Free Riders and Cooperators in Public Goods Experiments: Can Evolutionary Dynamics Explain their Coexistence?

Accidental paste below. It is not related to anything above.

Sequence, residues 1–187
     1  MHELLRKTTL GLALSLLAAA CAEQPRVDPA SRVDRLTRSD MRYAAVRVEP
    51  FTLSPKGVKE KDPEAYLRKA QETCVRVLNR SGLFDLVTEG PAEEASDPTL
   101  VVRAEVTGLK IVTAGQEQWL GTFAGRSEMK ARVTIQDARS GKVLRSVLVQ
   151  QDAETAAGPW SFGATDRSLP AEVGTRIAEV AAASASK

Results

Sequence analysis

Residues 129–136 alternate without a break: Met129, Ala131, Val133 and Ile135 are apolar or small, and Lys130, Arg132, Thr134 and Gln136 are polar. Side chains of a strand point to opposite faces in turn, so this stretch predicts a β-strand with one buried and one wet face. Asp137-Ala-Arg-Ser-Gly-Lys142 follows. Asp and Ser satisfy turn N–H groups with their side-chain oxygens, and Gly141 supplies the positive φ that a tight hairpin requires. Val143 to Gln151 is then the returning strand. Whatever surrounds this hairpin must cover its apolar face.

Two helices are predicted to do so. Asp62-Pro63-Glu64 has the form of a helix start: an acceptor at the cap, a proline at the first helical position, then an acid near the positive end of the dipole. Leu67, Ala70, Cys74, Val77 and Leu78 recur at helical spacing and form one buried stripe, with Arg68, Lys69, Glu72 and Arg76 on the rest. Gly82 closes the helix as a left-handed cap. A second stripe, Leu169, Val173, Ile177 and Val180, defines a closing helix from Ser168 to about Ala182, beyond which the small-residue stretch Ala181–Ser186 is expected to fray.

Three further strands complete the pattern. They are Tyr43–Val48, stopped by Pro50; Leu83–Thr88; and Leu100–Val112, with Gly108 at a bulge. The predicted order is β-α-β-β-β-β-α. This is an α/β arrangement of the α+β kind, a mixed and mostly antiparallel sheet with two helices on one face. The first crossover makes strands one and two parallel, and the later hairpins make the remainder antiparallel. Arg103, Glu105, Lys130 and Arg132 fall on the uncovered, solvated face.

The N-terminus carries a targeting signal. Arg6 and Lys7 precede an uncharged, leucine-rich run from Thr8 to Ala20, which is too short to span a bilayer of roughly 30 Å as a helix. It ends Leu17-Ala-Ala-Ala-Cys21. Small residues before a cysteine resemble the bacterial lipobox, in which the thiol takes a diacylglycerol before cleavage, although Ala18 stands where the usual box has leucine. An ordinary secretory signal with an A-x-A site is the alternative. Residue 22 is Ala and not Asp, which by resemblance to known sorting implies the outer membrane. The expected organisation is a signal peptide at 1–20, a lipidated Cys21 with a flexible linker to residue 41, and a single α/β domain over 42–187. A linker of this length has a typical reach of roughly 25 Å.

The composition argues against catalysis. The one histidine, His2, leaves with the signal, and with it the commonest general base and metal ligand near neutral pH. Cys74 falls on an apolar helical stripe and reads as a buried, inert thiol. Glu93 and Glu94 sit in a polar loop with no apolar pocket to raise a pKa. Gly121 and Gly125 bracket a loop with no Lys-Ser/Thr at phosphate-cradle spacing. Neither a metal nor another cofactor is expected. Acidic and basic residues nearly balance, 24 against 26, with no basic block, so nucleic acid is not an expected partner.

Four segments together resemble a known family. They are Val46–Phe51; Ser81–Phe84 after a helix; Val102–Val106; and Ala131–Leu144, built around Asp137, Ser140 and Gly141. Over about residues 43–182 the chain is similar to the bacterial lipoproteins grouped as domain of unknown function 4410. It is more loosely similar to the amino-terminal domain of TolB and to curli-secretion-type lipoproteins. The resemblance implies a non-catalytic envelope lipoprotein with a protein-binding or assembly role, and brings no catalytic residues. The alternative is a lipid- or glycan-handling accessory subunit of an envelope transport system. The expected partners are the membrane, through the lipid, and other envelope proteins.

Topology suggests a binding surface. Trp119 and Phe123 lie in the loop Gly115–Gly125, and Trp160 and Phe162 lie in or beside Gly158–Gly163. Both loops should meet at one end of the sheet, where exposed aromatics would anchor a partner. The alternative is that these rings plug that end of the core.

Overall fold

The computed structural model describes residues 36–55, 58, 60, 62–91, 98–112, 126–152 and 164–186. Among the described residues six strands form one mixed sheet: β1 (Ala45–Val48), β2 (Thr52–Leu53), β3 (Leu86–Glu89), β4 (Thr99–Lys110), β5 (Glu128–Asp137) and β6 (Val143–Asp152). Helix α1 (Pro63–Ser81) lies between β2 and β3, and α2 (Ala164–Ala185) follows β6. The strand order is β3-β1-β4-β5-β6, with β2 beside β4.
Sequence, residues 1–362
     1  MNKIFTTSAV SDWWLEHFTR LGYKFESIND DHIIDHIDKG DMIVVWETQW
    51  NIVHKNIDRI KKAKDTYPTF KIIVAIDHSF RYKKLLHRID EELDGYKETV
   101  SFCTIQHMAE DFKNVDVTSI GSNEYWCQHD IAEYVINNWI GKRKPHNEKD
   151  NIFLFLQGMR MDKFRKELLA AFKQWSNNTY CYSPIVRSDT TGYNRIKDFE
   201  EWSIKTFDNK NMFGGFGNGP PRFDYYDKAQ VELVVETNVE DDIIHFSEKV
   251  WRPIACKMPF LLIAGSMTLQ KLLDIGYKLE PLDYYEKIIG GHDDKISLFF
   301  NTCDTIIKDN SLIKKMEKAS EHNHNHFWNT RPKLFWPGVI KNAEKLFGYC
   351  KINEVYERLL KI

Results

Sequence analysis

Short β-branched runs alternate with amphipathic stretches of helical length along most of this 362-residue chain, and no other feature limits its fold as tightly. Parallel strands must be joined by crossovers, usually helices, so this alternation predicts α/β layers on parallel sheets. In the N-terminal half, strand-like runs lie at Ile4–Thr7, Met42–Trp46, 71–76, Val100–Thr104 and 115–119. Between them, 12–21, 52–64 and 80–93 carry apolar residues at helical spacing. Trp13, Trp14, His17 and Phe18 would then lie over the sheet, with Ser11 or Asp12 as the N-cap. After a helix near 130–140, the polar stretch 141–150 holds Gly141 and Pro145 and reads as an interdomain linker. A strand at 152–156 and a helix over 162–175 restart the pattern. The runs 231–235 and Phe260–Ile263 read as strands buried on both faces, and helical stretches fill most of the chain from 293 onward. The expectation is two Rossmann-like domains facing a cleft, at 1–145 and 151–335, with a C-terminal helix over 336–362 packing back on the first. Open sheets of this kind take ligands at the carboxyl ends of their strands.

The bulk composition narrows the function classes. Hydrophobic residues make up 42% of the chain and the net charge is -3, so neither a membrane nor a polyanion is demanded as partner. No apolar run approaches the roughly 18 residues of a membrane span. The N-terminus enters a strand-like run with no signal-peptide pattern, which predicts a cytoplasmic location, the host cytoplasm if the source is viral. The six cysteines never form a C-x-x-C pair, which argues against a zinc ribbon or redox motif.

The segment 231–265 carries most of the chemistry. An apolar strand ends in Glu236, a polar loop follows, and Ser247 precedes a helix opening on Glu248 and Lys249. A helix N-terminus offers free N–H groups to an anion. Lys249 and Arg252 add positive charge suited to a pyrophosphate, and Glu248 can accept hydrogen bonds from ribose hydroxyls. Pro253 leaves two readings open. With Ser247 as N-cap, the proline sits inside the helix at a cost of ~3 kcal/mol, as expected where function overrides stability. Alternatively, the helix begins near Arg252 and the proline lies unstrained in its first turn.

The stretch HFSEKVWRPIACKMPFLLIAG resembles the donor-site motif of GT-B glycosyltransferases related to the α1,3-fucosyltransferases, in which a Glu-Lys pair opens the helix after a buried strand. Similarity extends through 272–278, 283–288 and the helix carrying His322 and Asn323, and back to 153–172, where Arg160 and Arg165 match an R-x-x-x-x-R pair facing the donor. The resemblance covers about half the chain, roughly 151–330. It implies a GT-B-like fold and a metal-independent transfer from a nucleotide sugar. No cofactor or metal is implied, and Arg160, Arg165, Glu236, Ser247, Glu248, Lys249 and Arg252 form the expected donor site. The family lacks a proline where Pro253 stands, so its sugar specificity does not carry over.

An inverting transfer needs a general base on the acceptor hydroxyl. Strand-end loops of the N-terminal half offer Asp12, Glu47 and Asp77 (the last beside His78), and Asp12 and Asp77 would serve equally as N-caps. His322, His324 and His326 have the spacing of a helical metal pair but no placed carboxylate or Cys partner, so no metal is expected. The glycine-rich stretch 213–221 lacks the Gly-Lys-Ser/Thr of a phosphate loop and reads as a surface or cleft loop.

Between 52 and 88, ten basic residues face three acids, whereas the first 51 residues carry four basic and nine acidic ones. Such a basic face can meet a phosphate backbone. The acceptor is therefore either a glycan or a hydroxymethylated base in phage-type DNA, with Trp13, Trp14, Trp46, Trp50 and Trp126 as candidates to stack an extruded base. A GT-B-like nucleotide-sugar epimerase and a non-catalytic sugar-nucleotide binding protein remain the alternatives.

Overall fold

An oft-cited and robust result from Public Goods Game experiments is that, when subjects start playing, the aggregate level of contributions is significantly different from zero. At the same time, a sizeable proportion of players free ride from the outset. Behavioural economics has persuasively shown that these laboratory findings are compatible with the presence of motivationally heterogeneous agents, displaying both standard, self-centred preferences and non-standard, interdependent preferences. However, at the theoretical level, economists would prefer to account for motivational heterogeneity endogenously, instead of simply assuming it from the outset. Our work provides such endogenisation, by assuming that social evolution is driven by material payoffs only. By separately focusing on different types of ‘experimentally salient’ pro-social players (such as Reciprocators, Strong Reciprocators and Altruists), we are able to shed light – to our knowledge, for the first time, within the public good framework – on the evolutionary stability of two-type populations consisting of positive proportions of both ‘nice’ and ‘mean’ guys.
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